VW manages a profit
Germany's Volkswagen, the biggest European carmaker, said Thursday it was still making a profit despite the global economic crisis but was cautious about future prospects.
VW posted a second-quarter net profit of 283 million euros (400 million dollars), a huge drop of 83 percent from the same period a year earlier.
First-half net profit was off by 81 percent at 494 million euros, on sales that fell by 9.4 percent to 51.2 billion euros.
The group delivered a total of 3.1 million vehicles in the six-month period, down five percent, a statement said. It reiterated a non-detailed, full-year forecast of a drop in net profit and sales compared with 2008.
"The high volatility of market developments does not permit any reliable forecasts to be made for the rest of fiscal year 2009," the statement said.
"Based on the extremely weak business in the first six months of 2009, we continue to expect that our earnings will not reach the level of previous years."
Investors shrugged off the weak figures and outlook however, and VW shares surged in morning trading on the Frankfurt stock exchange.
Operating profit in the six months to June slumped 63.9 percent to 1.24 billion euros but VW fared better than rivals, including Toyota, which VW wants to replace as the world's biggest automaker.
In France, Renault reported Thursday a first-half net loss of 2.71 billion euros as sales slumped 23.7 percent to 15.99 billion euros.
"Even in a particularly difficult phase in the international automotive markets we were able to gain share in key markets. This has further improved our position on our way to the top," a VW statement quoted chairman Martin Winterkorn as saying.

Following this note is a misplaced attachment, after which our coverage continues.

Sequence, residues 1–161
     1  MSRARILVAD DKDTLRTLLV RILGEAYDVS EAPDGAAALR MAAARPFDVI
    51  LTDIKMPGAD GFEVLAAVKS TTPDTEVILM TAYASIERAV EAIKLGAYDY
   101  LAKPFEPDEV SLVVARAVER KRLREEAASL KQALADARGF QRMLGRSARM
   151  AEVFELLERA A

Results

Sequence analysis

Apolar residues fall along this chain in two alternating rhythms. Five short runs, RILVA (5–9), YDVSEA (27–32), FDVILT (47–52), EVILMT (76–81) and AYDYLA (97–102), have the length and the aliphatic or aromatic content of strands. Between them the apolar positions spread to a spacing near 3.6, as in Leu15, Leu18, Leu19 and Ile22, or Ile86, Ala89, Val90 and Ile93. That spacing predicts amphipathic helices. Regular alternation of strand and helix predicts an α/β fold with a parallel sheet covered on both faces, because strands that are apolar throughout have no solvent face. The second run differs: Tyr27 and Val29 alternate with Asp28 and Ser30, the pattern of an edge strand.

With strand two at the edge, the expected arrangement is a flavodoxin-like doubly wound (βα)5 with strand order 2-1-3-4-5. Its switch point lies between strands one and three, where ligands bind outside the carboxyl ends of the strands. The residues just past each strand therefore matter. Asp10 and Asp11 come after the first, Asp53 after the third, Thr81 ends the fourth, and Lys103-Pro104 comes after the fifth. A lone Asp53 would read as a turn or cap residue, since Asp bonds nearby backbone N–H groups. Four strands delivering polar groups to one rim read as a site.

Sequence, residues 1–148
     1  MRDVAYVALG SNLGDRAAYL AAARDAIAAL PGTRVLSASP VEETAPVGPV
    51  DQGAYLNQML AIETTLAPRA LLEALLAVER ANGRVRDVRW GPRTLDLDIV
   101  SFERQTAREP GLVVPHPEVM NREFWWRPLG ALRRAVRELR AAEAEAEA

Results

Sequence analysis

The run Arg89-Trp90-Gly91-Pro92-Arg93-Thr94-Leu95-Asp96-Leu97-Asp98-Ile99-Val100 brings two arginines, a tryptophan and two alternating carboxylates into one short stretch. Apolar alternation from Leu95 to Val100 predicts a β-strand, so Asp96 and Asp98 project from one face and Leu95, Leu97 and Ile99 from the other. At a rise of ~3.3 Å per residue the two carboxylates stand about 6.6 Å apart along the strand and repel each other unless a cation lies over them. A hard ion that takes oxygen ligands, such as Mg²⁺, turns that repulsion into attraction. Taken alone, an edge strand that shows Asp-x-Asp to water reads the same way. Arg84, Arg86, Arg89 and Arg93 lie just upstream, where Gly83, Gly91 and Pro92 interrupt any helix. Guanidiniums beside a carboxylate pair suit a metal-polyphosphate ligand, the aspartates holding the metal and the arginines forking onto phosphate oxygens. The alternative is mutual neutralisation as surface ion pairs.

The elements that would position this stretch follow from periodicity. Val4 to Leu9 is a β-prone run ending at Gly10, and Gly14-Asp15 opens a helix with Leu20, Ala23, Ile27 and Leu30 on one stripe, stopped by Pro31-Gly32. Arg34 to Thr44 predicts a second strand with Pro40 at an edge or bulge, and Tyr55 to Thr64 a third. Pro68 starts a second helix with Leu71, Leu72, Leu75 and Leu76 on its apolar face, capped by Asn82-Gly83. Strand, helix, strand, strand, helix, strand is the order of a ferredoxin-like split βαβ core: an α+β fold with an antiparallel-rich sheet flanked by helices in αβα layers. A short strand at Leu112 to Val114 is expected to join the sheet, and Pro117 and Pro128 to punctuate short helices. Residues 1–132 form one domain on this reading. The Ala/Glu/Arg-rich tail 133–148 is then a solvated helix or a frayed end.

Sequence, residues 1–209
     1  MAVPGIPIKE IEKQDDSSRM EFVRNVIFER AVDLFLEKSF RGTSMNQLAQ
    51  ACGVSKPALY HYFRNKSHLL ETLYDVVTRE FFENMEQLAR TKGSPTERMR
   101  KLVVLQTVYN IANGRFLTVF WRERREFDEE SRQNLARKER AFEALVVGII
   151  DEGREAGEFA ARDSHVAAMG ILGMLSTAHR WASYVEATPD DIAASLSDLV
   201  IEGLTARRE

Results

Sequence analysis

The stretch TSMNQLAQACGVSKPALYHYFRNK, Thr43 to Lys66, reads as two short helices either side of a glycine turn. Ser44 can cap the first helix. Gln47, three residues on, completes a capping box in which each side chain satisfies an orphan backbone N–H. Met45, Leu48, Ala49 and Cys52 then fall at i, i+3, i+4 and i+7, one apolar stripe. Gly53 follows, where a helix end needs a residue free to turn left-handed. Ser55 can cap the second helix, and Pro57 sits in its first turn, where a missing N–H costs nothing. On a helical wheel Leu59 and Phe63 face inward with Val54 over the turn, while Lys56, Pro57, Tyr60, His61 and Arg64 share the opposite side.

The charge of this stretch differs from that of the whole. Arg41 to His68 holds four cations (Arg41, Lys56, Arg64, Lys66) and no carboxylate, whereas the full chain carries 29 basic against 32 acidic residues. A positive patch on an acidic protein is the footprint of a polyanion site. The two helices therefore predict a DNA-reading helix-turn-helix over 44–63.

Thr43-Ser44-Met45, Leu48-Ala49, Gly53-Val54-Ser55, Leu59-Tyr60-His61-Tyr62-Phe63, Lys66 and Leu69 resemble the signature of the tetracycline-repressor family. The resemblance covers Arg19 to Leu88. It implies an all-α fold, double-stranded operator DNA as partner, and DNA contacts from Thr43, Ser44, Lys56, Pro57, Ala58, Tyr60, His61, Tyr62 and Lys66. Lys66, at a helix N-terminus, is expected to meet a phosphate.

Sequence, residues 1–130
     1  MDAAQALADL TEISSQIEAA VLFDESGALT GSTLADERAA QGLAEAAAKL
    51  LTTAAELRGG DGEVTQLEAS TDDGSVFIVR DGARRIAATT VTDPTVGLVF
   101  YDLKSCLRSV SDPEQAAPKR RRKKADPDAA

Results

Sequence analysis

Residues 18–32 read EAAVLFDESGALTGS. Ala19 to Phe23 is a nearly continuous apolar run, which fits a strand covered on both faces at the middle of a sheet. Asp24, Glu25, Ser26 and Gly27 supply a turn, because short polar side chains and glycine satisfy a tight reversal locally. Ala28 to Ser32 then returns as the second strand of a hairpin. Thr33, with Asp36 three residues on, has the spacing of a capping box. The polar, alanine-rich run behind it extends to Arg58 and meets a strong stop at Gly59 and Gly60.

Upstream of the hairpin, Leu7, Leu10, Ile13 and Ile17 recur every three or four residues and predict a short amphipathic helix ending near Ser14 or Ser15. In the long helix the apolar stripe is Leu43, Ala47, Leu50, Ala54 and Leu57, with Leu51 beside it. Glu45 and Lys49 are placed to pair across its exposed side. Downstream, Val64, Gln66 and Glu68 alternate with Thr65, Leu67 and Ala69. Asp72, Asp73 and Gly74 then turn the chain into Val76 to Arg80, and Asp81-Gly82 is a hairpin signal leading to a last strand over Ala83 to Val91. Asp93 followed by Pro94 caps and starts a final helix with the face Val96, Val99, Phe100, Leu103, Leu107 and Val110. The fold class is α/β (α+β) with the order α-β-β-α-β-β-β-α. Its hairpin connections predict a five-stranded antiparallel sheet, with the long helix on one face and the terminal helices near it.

For 2009, the German group aimed to do better than the market as a whole, and said Thursday that its share of the global passenger car market had risen to 12 percent.
Deliveries of vehicles to its core German, Chinese and Brazilian markets even surpassed the figures of a year earlier, the company said, owing in part to government subsidies that will taper off later this year.
In China, VW said it had successfully launched two models, the Passat Lingyu and a new version of its venerable Golf.
With the introduction of several new models that consume less fuel, "while the Volkswagen Group will be unable to escape the downward trend, we believe that it will perform better than the market as a whole and will be able to gain additional market share during the crisis," it said.
Finance director Hans Sieter Poetsch was quoted as saying meanwhile that "preserving our financial flexibility is a top priority," and the group reported cash reserves of 12.3 billion euros as of June 30.
Investors welcomed the news, and VW shares rose 4.63 percent to 252.87 euros in late morning trade on the Frankfurt stock exchange, while the DAX index on which they are listed was 0.61 percent higher.
The company has just managed to ward off a takeover attempt by luxury sports car maker Porsche, its biggest shareholder, and is now working to integrate Porsche as its 10th brand, alongside the Audi, Bentley, Bugatti and Lamborghini marques.
VW is reportedly set to pay around eight billion euros for Porsche.